On the heels of a previous report highlighting lack of enforcement and oversight in our food system, the U.S. Office of Inspector General’s (OIG) new report on whether milk marketed as organic actually meets the National Organic Program’s standards is a real wake-up call to the organic community. And so it should be. Consumers pay a significant premium for organic products and rightly expect transparency and oversight. However, the OIG's new report, "Agricultural Marketing Service National Organic Program - Organic Milk," exposes major failings of the National Organic Program’s (NOP) certification and auditing systems. At a time when consumers are turning their backs on industrialized farming systems – and genetically modified (GM) farming in particular – the new report raises real questions about exactly what people are paying for when they buy organic milk.
The Child Nutrition Act is only reauthorized every five years, so now is the time to act. Please join with the chefs and contact your senator to ask for an additional $4 billion per year to improve school nutrition programs. Senators need to hear from you now. To find out how to contact your senator, please visit the U.S. Senate’s directory.
All the heat wasn’t in the kitchen on March 17, when a group of chefs, led by AWA supporter Chef Bill Telepan, wore their traditional white jackets to Capitol Hill to push for increased funding for school lunches. Chef’s Day of Action, coordinated by the NYC Alliance for CNR (Child Nutrition Reauthorization), brought together celebrity chefs and school lunch reform advocates to urge Congress to provide an additional $4 billion in funding per year for school food programs.
The Child Nutrition Reauthorization Act comes up every five years and this year President Obama has asked for an additional $1 billion per year. The Senate, however, is considering only authorizing $500 million per year—half of what the President has requested. Even $1 billion wouldn’t make much of a difference to the 30 million school children who depend on the National School Lunch Program for meals. And when you consider the size of the budget—$3.7 trillion—it’s pocket change. $1 billion only equals 17 ½ cents per day per child. The government reimburses schools $2.68 for fully subsidized lunches.
The chefs say much more is needed to really make a difference. An increase in funding to $4 billion will provide an additional $0.70 per child. “We need school lunches to be about the best food, not the cheapest food,” says Chef Bill Telepan, who is also a board member of NYC’s Wellness in the Schools. “This is what we practice as chefs and we have a responsibility to bring the best food there is into schools.”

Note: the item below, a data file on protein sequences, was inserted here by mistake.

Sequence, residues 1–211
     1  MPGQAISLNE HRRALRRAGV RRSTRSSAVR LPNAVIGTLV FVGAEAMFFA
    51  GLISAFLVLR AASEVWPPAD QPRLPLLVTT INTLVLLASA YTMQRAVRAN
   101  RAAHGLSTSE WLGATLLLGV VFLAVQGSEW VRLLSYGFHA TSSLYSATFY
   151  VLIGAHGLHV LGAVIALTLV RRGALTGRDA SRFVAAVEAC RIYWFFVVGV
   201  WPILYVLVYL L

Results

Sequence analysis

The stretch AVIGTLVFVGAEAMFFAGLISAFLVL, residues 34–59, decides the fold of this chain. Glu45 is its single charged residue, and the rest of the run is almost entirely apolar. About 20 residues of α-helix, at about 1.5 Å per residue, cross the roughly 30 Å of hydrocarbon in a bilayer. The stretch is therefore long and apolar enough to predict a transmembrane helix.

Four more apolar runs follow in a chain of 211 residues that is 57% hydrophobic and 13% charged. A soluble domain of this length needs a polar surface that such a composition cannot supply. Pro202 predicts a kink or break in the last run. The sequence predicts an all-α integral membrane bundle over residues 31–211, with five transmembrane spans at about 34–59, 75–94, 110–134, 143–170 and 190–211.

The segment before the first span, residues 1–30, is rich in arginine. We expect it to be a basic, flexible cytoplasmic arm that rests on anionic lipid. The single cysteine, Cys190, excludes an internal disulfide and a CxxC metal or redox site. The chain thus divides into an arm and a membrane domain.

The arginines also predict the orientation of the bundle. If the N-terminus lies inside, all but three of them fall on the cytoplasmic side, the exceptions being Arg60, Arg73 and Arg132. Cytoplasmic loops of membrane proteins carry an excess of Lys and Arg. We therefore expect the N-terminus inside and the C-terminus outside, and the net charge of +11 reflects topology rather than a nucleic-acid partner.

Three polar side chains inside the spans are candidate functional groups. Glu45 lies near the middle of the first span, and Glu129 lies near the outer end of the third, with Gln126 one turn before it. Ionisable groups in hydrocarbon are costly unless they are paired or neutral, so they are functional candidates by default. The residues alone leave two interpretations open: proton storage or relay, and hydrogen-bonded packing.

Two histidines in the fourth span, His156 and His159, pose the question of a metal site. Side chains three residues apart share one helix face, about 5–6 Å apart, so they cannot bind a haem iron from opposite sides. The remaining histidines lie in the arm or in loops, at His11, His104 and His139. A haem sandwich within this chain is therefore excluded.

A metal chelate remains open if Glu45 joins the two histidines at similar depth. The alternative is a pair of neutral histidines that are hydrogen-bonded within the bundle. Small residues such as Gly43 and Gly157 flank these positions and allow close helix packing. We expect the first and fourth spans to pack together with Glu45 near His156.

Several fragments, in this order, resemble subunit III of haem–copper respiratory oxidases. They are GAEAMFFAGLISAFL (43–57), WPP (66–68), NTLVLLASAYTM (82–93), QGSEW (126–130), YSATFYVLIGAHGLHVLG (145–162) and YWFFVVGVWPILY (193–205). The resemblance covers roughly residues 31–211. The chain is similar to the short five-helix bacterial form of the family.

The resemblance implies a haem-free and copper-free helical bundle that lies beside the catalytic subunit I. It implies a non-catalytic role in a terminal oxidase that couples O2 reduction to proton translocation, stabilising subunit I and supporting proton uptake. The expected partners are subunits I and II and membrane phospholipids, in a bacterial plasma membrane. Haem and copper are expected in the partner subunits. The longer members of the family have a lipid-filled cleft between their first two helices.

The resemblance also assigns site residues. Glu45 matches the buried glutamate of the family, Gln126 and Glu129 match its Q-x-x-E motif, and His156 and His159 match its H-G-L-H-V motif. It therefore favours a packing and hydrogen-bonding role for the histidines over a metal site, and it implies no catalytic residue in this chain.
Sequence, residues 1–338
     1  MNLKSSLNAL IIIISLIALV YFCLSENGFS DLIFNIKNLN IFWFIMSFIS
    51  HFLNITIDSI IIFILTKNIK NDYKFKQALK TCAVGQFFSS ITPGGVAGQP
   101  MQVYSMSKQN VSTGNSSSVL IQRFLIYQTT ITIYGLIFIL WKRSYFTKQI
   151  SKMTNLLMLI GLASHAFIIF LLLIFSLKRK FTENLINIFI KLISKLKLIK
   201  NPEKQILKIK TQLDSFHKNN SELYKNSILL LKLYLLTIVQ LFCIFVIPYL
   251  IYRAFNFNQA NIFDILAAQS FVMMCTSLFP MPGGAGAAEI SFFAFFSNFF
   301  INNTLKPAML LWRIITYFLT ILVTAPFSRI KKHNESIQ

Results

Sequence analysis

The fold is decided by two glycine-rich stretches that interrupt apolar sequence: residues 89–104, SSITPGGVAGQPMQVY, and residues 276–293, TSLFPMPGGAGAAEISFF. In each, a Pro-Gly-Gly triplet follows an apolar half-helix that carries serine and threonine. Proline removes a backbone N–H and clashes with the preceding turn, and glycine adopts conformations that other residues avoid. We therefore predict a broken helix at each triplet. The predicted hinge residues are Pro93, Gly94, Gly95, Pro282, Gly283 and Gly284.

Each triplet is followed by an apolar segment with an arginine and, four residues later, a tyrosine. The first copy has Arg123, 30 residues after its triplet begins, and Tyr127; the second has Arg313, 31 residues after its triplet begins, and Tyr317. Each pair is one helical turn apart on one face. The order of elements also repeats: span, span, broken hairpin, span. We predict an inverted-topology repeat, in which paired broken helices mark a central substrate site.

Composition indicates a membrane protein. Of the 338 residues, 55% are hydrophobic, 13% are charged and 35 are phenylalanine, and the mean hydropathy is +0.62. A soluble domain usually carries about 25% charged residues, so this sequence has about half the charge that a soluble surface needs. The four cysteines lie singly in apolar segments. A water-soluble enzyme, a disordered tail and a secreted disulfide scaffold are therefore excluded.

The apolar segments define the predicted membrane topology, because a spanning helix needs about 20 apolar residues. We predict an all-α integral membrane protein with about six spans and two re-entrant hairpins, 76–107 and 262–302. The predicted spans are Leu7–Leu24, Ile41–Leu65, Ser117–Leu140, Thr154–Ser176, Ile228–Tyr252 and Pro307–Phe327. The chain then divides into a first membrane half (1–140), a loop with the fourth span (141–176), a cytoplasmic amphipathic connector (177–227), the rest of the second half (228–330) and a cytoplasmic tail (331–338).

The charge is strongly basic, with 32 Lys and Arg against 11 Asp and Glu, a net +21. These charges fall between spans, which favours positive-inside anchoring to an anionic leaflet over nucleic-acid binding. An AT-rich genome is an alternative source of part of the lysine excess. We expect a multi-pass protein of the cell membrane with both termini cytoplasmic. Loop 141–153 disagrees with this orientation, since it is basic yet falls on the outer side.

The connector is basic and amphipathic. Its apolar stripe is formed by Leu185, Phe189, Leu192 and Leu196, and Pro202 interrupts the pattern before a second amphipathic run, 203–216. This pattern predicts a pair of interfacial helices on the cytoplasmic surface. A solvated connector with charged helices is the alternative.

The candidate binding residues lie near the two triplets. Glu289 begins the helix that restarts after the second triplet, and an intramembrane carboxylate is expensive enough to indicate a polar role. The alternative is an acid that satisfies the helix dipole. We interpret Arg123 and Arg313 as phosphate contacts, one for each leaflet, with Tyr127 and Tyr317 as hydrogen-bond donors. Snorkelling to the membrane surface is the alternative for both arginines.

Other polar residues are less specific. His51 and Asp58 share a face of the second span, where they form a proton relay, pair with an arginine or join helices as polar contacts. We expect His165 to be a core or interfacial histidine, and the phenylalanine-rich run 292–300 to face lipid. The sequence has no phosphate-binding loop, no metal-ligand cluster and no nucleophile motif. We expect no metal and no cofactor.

All the chefs work regularly to improve nutrition for children. Chef Ken Oringer, who owns six restaurants in the Boston area, has worked with Share Our Strength’s Operation Frontline Massachusetts to teach kids about cooking and nutrition. The birth of his daughter, Verveine, strengthened his commitment to ensuring every child’s meal is made with safe, fresh and nutritious food. “When I started cooking for my daughter it really hit home what an awesome responsibility feeding a child is. And that’s when I realized some kids will never get to eat a fresh organic vegetable or pasture-raised egg. It’s our responsibility to help all children learn about food and nutrition and eat the best possible food.”
Former Top Chef contestant Chef Spike Mendelsohn of D.C.’s Good Stuff Eatery came along to support his fellow chefs. As a D.C. resident he has no voting members of Congress, but he also owns a home in Florida and will be contacting Florida’s senators and his local Florida congressperson to urge them to support increased funding. Chef Spike works with a D.C. KIPP Academy and with Horton’s Kids, an afterschool program that works one-on-one with children from D.C.’s Ward 8 neighborhood. Chef Spike teaches the kids about cooking and nutrition and a trip to Good Stuff Eatery is a popular reward for doing well in school. “School is about learning,” Chef Spike says. “We need to provide the money to schools not just to serve the best food, but to teach kids about great food—what it is, where it comes from, how you prepare it.”
Chef M. Mitchell of Brain Food, an innovative school lunch program providing meals for schools, moved his operation from wealthy northwest D.C. to the more challenging environment of nearby Prince George’s County, MD. “I wanted to work where good food wasn’t really accessible. People feel that it doesn’t matter what the kids are eating as long as they are eating, so kids eat junk. Adults make decisions for kids and right now they’ve decided that what kids eat at school doesn’t matter. If we aren’t making the right food decisions for our kids, how can we expect them to do it for themselves?”
D.C. Chef Jose Andres’ restaurant Oyamel served as the D.C. headquarters for the chefs and advocates. While Chef Jose was unable to be present, he wanted to provide his support to his colleagues. Between Senate visits, Chef Spike hosted the group at Good Stuff Eatery, just blocks from the Capitol building.
By the end of the day, chefs in their signature white jackets had visited senators and congresspersons from around the nation, including the offices of Senators Kerry, Schumer and Gillibrand. There is still a long fight ahead, but the chefs all agreed—the Hill hasn’t seen the last of them.